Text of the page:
One of the leading lights of the roots reggae movement, Michael Rose (also known by the Ethiopian variant of Mykal Rose) has supplied distinctive vocals to Black Uhuru releases and solo projects for over for over forty years. He was born today in 1957.
Vocalist Michael Rose was born in Kingston, Jamaica. With a vocal style compared to fellow Kingstonian Dennis Brown, Rose came to the attention of Brown’s producer Winston “Niney” Holness after entering local talent contests.
Recording for his Observer label, Rose scored some success with tracks such as “Guess Who’s Coming To Dinner,” “Love Between Us,” and “Freedom Over Me” while also recording lesser known sides for other studios including Lee Scratch Perry and Winston Campbell.
Fronting the band Happiness Unlimited for a time as they played on the tourist circuit of his home island, Michael was then fired and returned to the Waterhouse district of Kingston in 1977. In touch with drummer Sly Dunbar, Rose ended up joining local band Black Uhuru, then in the process of being reformed with a new lineup by founder member, Derrick “Duckie” Simpson.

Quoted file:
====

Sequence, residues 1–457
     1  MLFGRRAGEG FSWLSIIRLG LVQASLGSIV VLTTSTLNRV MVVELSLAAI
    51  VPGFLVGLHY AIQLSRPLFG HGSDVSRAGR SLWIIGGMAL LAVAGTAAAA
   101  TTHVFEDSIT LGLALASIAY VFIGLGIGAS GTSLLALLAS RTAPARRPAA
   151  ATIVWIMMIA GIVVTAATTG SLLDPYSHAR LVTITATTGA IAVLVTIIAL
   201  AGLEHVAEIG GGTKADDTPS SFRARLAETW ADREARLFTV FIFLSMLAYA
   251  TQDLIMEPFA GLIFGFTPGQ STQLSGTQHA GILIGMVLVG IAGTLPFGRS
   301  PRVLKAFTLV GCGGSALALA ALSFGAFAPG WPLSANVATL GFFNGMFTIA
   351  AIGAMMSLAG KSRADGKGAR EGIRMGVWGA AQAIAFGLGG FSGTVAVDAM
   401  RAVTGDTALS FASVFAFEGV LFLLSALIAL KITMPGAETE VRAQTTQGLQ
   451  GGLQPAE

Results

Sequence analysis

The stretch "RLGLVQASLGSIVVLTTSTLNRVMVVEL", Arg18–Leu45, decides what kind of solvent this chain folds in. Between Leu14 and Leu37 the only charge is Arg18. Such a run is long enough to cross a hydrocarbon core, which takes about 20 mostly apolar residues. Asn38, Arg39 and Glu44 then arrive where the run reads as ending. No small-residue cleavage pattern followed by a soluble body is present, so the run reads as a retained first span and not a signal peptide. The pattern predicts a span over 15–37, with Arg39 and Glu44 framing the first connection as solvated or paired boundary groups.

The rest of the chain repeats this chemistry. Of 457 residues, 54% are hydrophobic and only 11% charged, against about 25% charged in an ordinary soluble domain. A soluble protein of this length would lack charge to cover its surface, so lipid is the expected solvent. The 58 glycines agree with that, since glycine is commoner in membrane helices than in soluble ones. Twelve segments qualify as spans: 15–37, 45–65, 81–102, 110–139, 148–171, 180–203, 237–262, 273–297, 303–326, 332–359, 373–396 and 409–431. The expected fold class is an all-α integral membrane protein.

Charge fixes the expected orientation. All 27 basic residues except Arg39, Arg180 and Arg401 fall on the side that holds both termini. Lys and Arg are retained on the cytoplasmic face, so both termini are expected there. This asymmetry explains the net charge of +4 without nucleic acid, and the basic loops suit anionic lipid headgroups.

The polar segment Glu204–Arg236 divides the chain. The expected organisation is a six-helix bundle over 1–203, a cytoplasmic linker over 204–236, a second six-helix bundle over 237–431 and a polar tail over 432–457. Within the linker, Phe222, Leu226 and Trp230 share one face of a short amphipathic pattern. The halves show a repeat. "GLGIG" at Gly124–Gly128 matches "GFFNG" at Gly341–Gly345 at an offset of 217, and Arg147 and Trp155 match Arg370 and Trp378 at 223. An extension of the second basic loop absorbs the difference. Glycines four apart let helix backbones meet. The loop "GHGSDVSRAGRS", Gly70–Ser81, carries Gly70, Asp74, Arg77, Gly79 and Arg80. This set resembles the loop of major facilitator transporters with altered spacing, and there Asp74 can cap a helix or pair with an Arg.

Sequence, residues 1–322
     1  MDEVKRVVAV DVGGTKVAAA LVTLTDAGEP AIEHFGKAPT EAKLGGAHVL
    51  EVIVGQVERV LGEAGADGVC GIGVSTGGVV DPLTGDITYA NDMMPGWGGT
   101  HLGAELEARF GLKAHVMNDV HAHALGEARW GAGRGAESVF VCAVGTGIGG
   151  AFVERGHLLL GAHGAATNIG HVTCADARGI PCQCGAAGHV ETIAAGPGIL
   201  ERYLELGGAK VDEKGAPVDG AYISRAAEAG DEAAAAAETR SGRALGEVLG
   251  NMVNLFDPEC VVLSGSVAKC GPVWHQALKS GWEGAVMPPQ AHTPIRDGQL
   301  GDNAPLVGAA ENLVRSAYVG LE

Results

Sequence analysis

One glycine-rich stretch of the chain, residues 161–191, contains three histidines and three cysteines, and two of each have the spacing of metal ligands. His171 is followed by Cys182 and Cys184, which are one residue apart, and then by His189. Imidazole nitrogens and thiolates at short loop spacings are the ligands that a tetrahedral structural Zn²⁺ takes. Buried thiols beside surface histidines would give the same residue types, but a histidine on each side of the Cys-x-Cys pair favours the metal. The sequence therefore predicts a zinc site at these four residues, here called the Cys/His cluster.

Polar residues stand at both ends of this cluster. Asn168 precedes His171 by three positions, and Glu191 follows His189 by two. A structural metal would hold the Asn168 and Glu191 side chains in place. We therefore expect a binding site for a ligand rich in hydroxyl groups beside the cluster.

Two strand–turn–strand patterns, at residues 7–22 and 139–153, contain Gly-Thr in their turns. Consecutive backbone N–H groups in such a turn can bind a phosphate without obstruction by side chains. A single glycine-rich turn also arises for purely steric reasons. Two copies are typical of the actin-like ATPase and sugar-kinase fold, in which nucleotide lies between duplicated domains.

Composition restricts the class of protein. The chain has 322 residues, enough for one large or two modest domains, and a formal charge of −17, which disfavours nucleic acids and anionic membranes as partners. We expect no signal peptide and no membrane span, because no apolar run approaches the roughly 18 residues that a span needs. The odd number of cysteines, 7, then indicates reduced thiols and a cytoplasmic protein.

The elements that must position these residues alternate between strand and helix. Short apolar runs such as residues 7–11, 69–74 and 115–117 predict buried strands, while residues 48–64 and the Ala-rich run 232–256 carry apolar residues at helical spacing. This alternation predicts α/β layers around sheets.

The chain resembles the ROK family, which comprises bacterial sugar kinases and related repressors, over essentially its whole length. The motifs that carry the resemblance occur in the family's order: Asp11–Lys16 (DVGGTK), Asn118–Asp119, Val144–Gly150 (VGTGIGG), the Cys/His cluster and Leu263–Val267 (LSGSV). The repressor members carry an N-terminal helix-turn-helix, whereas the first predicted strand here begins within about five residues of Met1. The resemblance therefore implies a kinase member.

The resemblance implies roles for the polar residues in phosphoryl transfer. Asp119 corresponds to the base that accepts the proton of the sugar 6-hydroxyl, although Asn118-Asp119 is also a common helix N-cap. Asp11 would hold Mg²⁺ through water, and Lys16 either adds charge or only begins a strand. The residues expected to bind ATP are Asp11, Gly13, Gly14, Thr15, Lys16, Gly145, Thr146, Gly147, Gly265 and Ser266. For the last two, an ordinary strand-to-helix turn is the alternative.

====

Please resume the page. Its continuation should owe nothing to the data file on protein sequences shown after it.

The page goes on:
Their Prince Jammy-produced debut album, “Love Crisis” was released later that year and included the popular track, “I Love King Selassie.” Steadily gaining in popularity, the early 1980s saw commercial success for the group, with their debut remixed and released as “Black Sounds of Freedom” and the “Showcase” album promote a new lineup that now included female vocalist Sandra “Puma” Jones.
The “Sinsemilla” album brought the band to the attention of Island Records and 1983′s “Anthem” proved to be a high point, with international versions selling in both Europe and the USA. By the time “Anthem” became the first-ever recipient of the new Best Reggae Album category at the Grammy Award though, Rose had left the band following a quarrel with Simpson.
Black Uhuru would continue with a variety of replacement singers; Junior Reid followed by former members Garth Dennis and Don Carlos and then Andrew Bees. Despite a further Grammy nomination for “Brutal” though their crossover success wasn’t repeated as the absence of Rose-penned material began to be felt.
Said to have invested in a coffee plantation in the Blue Mountains of Jamaica, Rose returned to recording with a string of domestic singles, before major label support saw the appearance of the pop-tinged “Proud” album for European and Japanese consumption (although it failed to appear in the USA).
1995 then saw Michael’s US solo debut with a self-titled release that was followed up by a raft of further long players and singles under various guises on different labels. A reunion with Black Uhuru came in 2004, but he’s continued to record and tour with his own band.
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And here’s some footage of Rose in action: